writing of readerly reviews of writings

Tag: :Poetry:

Review: “Moments of Desire: Sex and Sensuality by Australian Feminist Writers”, edited by Susan Hawthorne and Jenny Pausacker

hawthorne, pausacker (ed.) moments of desireI was delighted to relocate this on DC’s bookshelf, possibly hers, possibly mine, but gifted to me now. I’d be on the look-out for some months, wanting to track down Hawthorne’s poem ‘Erotica Alphabetica’ that I’d read and remembered as an undergraduate: it happily stood the test of time. I also enjoyed Rosemary Jones’ prose-poem ‘The Woman in the Moon’ (source of the citation below). Unfortunately, that was about it. I found almost none of the pieces erotic, which is always a risk of “erotic” writing, but worse, I found that they nearly all were too damned cerebral, thinking too damned much, working too damned hard to break down the stereotypes of what constituted the erotic. (Which, fair enough, has been feminism’s modus operandi – making the status quo uncomfortable with itself.) Worse, even, most pieces weren’t actually terribly good, and I eventually got too bored/irritated to keep reading. I will keep it for the sake of those two pieces, however, and it makes a reasonable addition to the feminist / lesbian / women’s / writerly history section of the Keeper Shelf.

Where it came from: DC’s Bookshelf as a gift
Time and manner of reading:
Kaleidoscopic bed reads with a final train frustration
Where it went: Keeper Shelf
Best line of the book: “She was dream / she was silver / she was tough” (p.66)
Reminds me of/that: Erotica is *terribly* subjective
Who I’d recommend it to:
Historically feministly curious
Also reading: Being Alive edited by Neil Astley; Peeling the Onion by Günter Grass; Returning the Gift edited by Joseph Bruchac


Review: “Car Maintenance, Explosives and Love, and Other Contemporary Lesbian Writings”, edited by Susan Hawthorne, Cathie Dunsford and Susan Sayer

susan hawthorne et al car maintenance, explosives and loveI confess: I bought this for the fabulous Tina FiveAsh cover photo. I’d owned this book when I was young and impressionable, passed it on in some travelling bookshelf cull, and was recently reminded how great this photo was. Unfortunately, the internet’s language–image interface is not yet sophisticated enough to let me key in “lesbians car kissing 1950s” and have this shot delivered to me, so I’ll be happy to keep it in book form.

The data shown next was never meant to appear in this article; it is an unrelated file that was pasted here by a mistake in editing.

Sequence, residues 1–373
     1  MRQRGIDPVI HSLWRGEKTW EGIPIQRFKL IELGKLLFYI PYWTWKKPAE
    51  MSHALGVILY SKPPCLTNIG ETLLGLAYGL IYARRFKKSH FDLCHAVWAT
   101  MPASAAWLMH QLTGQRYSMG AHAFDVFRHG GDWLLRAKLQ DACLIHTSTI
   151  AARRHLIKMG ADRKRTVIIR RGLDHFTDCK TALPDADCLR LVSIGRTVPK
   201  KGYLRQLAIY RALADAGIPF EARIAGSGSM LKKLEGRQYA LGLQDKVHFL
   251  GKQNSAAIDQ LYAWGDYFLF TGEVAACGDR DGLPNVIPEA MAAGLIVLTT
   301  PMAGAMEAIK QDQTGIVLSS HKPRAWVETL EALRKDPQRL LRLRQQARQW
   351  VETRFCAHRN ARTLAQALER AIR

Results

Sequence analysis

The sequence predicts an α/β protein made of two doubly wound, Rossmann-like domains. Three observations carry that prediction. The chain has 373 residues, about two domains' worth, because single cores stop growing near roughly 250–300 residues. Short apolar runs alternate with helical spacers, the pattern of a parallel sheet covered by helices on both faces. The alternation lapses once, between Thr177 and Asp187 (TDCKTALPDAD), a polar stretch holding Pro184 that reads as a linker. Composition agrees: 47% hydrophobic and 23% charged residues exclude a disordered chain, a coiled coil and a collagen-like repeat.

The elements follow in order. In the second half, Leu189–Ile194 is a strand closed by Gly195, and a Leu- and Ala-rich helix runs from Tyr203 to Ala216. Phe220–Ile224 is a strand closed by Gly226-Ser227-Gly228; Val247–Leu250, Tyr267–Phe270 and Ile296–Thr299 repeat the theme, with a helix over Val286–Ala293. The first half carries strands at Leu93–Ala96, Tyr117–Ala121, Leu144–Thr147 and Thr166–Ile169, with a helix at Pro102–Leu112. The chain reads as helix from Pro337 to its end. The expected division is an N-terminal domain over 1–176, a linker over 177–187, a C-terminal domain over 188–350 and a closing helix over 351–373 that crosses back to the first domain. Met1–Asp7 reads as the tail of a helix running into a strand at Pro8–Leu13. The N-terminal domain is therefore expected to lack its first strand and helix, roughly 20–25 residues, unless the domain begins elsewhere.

I confess more: having reread more than half of the anthology, I thought I’d *only* be keeping it for the cover. This is a 1997 compilation of Australian and NZ lesbians’ writings, with a healthy representation of Maori and (one) Aboriginal woman. Many of the pieces are stylistically dated, quite a few are downright average, and it is unflattering to the reviewer to find one’s own writing good by comparison to others’ poor offerings (naughty me). However, by the end I had been convinced that there were enough smart, witty, well-written pieces among the drama, poetry and short stories compiled here to justify a couple of inches on my shelf. I think the book is best considered as a contribution to an ongoing dialogue of lesbian writers, a way of dejando constancia (leaving a record) of lesbian life, lives and culture. And as such, it is valuable and necessarily of its time. Recommended on those terms.

Where it came from: Market stall
Time and manner of reading:
Twenty-five hours of every-spare-minute reading, more because it existed than because it was fantabulous
Where it went: Keeper Shelf
Reminds me of/that:
Who I’d recommend it to: Dykes and dyke-curious
Also reading: The Amazing Adventures of Kavalier & Clay by Michael Chabon; Being Alive edited by Neil Astley; The Seven Sisters of the Pleiades by Munya Andrews; The Politics of Ecstasy by Timothy Leary

Review: Rabbit #4

rabbit4A sympathy and enthusiasm subscription (the editors were nice to me) which has taken me a nice, slow year to get through. One of the forms of poetry which I find most inspiring is “documentary poetry” or “poetry of witness” as it’s sometimes called, and I was hoping this journal of non-fiction poetry would help create an audience for it. In this edition, I enjoyed Rob Walker, Mark O’Flynn and Peter Tranter’s poems, and really liked the visual poetry of Anne Lynam, but most of it I found to be wanky, overworked, crazier-than-thou experimentalism – which clearly doesn’t float my boat when there’s no soul to underpin it. It was useful to have regular poetry to read between chapters or essays or stories of other tomes; I enjoyed exercising my discernment and helping learn what I liked and how I wanted to write; the few really good ones were worth the read, so I’ll carry on with the next three editions is (probably equally slow) increments.

Where it came from: First of a one-year subscription to Rabbit
Time and manner of reading:
Numerous kaleidoscopic poetry reads over, oh, about a year
Where it went: Keeper Shelf
Reminds me of/that: To be a writer, one must do writerly things (including, of course, writing)
Who I’d recommend it to: Fans of experimental new voices
Also reading: The Amazing Adventures of Kavalier & Clay by Michael Chabon; Being Alive edited by Neil Astley; The Seven Sisters of the Pleiades by Munya Andrews

Review: Diane Wood Middlebrook’s “Anne Sexton: A Biography”

diane wood middlebrook anne sextonA confronting read: it sets out the ambition and the craziness of Anne Sexton, tracing her life as she strives to cure her multiple mental illnesses and become a renowned poet. Yes to the latter achievement, no the former. This superstar suicidal female poet, who was able to perform and write her poetry but not care for herself, her home or her family, is one of those who gives artists a bad name. Confronting, as I say, because AS is part of writers’ history, and because she was a driven, successful, technically skilled poet – but she’s no model of how to be a good human. But then, neither was Rilke, or Berryman, or any of those pill-popping drunk New England confessional poets, or or or … I must say it is intimidating and downright impressive to read of her rates of “production” and publication (40 poems in her second year as a published poet!), and one can only hope that those levels of professional writing don’t require her levels of screwed-up-ness.